Tuesday, April 29, 2008

Mario Kart = Mario Bros. on Wheels

According to an interview between Satoru Iwata and the creators Mario Kart, Super Mario Kart, the first in the series, didn’t start off as a Mario game at all. Super Mario Kart started as an attempt to create a racing game where two players could play at the same time. The prototype for this game featured a man in overalls, and about 3 months after testing the game, the staff decided it looked neat if the character was Mario racing around. And the rest is history. Today, the Mario Kart franchise features six games, each one home to a different Nintendo platform. Though each game is different the core Mario Kart experience remains the largely same. For the purposes of this essay, I will illustrate the structural similarities between the platforming game Super Mario Bros. and the Mario Kart games specifically Super Mario Kart for the Super Nintendo Entertainment System.

Both Super Mario Bros. and Super Mario Kart are all about racing. Mario races to the end of each level against the clock in Super Mario Bros., while kart driving characters (henceforth referred to as Karts) race to the end of each level against each other in Super Mario Kart. To successfully manage this race, Mario and Karts feature a set of tight, well tuned controlling mechanics complete with accelerator buttons. Holding the B button makes Mario run faster accelerating into his top speed. It is the same for the Karts except that the Karts generally use the A button. Like with any body of mass, both Mario and Karts gain momentum with increasing speeds. While Mario skids to a stop, the karts skid or drift around turns.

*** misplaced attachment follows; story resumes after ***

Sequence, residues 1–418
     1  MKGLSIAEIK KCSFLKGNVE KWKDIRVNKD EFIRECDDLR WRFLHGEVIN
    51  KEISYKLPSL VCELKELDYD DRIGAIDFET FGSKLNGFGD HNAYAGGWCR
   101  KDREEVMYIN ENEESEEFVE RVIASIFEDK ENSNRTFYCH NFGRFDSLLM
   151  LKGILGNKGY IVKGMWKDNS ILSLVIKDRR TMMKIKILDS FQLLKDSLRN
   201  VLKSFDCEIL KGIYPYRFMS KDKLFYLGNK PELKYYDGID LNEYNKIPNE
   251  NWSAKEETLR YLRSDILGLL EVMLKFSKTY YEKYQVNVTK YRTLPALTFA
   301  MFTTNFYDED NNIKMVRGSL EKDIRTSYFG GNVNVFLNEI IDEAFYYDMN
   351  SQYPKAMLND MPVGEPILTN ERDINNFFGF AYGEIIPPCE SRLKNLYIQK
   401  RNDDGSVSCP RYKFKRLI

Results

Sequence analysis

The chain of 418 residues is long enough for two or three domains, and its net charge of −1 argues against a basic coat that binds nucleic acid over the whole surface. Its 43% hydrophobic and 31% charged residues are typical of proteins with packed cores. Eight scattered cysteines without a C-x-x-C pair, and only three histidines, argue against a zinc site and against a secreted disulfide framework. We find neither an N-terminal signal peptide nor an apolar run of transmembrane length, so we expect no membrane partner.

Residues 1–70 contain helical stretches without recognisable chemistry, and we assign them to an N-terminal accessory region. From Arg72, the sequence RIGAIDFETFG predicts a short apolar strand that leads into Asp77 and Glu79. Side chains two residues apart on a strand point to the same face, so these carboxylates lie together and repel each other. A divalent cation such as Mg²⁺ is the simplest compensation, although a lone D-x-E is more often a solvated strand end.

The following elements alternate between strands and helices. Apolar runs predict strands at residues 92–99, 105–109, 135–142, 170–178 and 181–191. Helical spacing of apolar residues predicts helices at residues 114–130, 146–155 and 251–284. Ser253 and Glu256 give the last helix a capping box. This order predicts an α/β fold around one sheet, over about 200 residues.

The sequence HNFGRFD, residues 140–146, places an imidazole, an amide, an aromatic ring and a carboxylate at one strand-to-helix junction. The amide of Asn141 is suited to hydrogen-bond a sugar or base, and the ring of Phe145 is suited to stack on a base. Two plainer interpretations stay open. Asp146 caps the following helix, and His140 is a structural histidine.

Mario overcomes obstacles with the use of his legendary jumping skills allowing him to hop up hills, leap over pits, and jump out of the way of danger when his momentum would have otherwise resulted in a collision. Analogously, Karts can also jump. The feather item from Super Mario Kart gives players the ability to spring over hazards, players, and even walls creating short cuts and possibilities out of thin air. This feather jump ability parallels Mario’s jump. Sadly, this item was not included in any future Mario Kart game. For the rest of the Mario Kart games (excluding Double Dash) players can hop. Hopping does everything Mario’s jump does, but on a smaller scale. By hopping into the air and then turning left or right, the player can sharply adjust their turning angle avoiding hazards at high speeds or narrowly adjusting one’s racing path. Also, hopping can be used to jump over cracks or other pitfalls. Unlike normal vehicles in more traditional racing games, go-karts are personal. Their small size and weight allows them to be scooted around by the driver. When run up against a wall, instead of reversing like in a normal vehicle, Karters can simply scoot or hop their Karts to adjust themselves.

In the Mario Bros. 2D platforming series Mario obtains a variety of powerups that are presented in context to Mario’s situation. If Mario is small, hitting the right question block will release a mushroom. If Mario is already big, then Mario will receive a fire flower powerup. Depending on the game, and the context of Mario’s state, different powerups will come up. Likewise, in all the Mario Kart games, players will receive different items depending on their rank in the race. Players at the top will receive single bananas, fake item boxes, and a green shell here and there while players at the bottom are more likely to get lightenings, golden mushrooms, spiny shells, stars, and other items that help them fight their way back to the top.